Run! (Part 2)
(Part 1 here)
2. The 2nd Hurdle we face is resisting in our submission to Christ.
While still off on their teaching retreat, Christ begins to ask the 12 questions about His identity. He first steers the conversation by inquiring about the crowd’s opinion of Him. He then asks them point blank who the 12 think He is. As the de facto leader of the group, Peter answers boldly: “You are the Christ, the Son of the living God.” Jesus confirms this to him and admits that He has not told Peter this, but that the Father has revealed it to Peter in his heart. What I find interesting is verse 21:
From that time Jesus began to show his disciples that he must go to Jerusalem and suffer many things from the elders and chief priests and scribes, and be killed, and on the third day be raised.
They have been with him for 3 years, but it isn’t until this moment that Jesus finally lets them in on the Father’s plan for Him. He lays all of His cards on the table for them to see. Jesus did not let them in on the big picture until they recognized that He was God (!), revealing their understanding of Him after years of discipleship. You see, there is a difference between knowing who Christ is, and understanding who He is and how that affects the way we live. The disciples knew Jesus intimately from years of being with Him, but at this point they demonstrate that they finally understand who He is by acknowledging His deity and fulfillment of prophecy as the Messiah.
But in spite of this dawning realization, Peter is not happy about what he is hearing. Christ has to suffer? And to be mocked and abused and murdered!?! It is more than he can bear. And so it is that the man who had just proclaimed that Jesus was God incarnate now rebukes Jesus and tells Him to change His plan. Jesus had some strong words for that in verse 23:
“Get behind me, Satan! You are a hindrance to me. For you are not setting your mind on the things of God, but on the things of man.”
Ouch! I try to picture in my mind what it would feel like to be standing face to face with Jesus and to have Him tell me the same thing. It is almost unbearable. It seems like a pretty harsh sentiment until you realize what Peter was doing here. He was committing open rebellion against the Creator of the world. He could not claim ignorance any longer; he knew perfectly well that Jesus was the Son of God and that he owed Jesus his absolute, unwavering loyalty and obedience, but he still wasn’t willing to give it yet, as demonstrated a few verses later when Peter dares to tell Jesus to shut up and change His plans to fit Peter’s agenda. It is not only absurd; it is downright depraved. Just think about the history of Israel and how seriously God had taken offense to every betrayal and abandonment of His chosen people as they committed spiritual adultery, choosing false gods and rejecting Him in a cycle of judgment and destruction, time after time. That’s what Peter was doing here, and Christ makes it clear if you refuse to serve God’s will, then you are serving Satan’s.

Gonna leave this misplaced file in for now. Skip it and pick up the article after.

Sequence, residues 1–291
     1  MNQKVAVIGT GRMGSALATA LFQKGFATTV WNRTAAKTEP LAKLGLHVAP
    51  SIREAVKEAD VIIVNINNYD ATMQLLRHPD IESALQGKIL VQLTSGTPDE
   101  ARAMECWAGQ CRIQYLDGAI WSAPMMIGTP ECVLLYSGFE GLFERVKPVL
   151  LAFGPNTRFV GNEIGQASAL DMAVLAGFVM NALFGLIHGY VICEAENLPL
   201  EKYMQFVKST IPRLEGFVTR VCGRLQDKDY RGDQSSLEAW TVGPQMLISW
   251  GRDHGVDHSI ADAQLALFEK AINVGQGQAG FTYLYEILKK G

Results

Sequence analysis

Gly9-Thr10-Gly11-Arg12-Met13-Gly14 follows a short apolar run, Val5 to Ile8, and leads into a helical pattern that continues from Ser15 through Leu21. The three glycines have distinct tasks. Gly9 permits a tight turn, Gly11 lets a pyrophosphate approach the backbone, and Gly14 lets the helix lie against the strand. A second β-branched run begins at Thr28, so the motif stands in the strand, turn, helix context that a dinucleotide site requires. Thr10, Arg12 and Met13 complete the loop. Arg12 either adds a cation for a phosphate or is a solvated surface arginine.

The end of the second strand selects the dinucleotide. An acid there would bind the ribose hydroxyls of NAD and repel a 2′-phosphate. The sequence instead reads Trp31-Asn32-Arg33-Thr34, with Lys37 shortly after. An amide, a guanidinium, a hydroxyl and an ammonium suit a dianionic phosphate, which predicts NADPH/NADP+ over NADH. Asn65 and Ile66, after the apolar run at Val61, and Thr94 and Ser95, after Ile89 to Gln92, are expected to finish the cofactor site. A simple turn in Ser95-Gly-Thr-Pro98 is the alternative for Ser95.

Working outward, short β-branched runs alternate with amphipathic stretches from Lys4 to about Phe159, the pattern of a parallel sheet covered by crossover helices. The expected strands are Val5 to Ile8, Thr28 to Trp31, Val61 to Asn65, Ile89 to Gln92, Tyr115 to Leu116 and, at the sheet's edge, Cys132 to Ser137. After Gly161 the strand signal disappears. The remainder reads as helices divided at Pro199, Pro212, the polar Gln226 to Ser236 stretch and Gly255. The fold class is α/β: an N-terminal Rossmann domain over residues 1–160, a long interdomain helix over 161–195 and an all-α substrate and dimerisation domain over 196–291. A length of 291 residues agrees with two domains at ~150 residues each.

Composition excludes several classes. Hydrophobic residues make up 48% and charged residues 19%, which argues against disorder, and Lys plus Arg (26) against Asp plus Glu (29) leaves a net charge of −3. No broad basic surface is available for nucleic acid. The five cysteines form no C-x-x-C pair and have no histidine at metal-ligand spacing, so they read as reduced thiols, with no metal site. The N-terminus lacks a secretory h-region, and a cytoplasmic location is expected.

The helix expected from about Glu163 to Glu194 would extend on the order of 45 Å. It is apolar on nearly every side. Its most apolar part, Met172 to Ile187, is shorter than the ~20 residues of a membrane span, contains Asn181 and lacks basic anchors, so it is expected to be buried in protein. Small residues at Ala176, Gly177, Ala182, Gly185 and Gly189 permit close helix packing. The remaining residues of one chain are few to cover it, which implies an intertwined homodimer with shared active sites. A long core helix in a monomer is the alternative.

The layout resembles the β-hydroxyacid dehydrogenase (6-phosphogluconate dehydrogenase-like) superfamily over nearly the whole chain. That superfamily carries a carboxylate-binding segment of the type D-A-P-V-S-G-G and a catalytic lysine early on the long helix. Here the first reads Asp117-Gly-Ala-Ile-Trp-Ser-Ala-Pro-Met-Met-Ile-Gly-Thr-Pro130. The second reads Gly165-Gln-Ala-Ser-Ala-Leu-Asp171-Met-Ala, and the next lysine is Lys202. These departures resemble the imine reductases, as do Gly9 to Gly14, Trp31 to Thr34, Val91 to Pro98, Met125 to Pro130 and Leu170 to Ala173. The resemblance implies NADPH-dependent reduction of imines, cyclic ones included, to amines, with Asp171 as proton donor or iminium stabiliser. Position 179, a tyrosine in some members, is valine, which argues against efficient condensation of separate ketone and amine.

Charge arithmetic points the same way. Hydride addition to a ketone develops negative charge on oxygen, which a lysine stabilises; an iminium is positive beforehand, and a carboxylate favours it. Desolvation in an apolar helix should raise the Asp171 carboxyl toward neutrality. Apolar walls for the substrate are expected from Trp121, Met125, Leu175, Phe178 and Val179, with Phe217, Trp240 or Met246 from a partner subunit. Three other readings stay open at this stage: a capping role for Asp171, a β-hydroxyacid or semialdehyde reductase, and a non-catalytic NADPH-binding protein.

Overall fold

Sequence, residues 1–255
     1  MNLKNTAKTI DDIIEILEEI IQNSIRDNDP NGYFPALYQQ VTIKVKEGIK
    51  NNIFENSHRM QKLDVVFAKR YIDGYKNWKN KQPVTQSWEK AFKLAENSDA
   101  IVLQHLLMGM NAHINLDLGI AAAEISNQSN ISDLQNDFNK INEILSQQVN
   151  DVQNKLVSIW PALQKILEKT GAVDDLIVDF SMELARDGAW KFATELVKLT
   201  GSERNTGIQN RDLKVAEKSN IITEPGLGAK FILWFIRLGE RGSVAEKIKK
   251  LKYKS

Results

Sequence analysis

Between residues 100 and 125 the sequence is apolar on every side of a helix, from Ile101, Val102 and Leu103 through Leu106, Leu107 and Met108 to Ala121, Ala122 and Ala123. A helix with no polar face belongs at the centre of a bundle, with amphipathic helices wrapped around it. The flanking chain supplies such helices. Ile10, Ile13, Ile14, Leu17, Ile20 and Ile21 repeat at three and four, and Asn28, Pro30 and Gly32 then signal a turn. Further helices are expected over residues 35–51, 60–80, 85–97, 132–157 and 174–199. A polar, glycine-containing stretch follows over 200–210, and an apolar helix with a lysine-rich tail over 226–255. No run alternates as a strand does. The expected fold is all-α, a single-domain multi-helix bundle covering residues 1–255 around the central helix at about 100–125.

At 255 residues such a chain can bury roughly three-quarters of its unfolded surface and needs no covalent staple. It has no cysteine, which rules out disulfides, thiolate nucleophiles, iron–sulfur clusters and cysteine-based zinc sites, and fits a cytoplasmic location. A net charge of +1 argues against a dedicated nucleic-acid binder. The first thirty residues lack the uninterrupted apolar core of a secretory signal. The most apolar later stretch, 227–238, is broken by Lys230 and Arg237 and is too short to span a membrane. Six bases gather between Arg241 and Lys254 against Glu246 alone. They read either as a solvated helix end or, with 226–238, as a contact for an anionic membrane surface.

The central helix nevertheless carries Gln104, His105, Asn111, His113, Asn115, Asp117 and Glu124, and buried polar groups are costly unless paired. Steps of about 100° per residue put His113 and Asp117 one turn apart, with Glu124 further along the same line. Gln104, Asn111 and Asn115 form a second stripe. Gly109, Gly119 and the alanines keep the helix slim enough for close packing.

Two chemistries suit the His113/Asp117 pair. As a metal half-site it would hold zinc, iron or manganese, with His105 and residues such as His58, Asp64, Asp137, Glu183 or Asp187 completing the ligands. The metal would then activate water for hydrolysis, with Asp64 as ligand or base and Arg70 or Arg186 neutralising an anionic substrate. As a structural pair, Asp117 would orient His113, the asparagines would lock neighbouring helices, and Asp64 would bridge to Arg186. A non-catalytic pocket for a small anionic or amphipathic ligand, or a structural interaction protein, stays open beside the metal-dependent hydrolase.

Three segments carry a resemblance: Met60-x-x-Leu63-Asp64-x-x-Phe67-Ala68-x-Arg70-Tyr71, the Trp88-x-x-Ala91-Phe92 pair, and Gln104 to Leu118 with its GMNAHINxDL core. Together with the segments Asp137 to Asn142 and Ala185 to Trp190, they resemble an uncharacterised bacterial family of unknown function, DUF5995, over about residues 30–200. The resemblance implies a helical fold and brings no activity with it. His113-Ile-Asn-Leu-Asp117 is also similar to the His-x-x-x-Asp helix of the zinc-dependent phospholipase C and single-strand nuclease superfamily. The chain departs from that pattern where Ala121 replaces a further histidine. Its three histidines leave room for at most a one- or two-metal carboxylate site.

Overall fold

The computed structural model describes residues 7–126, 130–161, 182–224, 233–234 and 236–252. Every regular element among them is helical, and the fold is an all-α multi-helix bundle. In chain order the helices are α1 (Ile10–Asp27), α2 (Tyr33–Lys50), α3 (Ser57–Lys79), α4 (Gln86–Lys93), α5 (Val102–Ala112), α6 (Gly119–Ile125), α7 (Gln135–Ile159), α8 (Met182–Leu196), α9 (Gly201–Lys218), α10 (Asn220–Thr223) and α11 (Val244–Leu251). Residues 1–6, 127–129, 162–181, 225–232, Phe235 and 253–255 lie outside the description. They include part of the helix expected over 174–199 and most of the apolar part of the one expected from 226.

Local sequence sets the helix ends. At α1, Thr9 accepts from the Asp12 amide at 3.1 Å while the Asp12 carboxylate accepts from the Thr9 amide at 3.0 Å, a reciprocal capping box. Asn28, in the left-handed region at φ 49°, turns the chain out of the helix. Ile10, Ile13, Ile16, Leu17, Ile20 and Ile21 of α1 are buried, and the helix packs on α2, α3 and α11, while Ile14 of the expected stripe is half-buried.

How often do we do this? How often do we tell Christ that He is Lord of our lives but we blatantly disregard His will for us in favor of our own plan? It may not be in a big way, and we may not even recognize it when it is happening. Peter thought he was doing the right thing by trying to sway Jesus away from the pain and suffering that was ahead of Him. But as Jesus pointed out, any resistance to His Lordship puts us at odds with His will. We need to grow spiritually to overcome this terrible mistake.
Solution: Determine to take seriously the Lordship of Jesus.
The difference between the Peter of the Gospels and the Peter of Acts is one of submission. In the Gospels you have a Peter who is refusing to give in to the Lordship of Jesus even as he persistently follows Him. In Acts you have a Peter who has wholeheartedly embraced the Lordship of Jesus in his life, having learned the hard way the cost of just going through the motions in following Christ. We too need to embrace His Lordship over us, not just in lip-service but in a reckless abandon that demonstrates our indebtedness to His loving gift of grace. We need to get serious about making Jesus the Lord of our lives every single day. This will enable us to grow closer to Him as He remakes us in His image on a daily basis.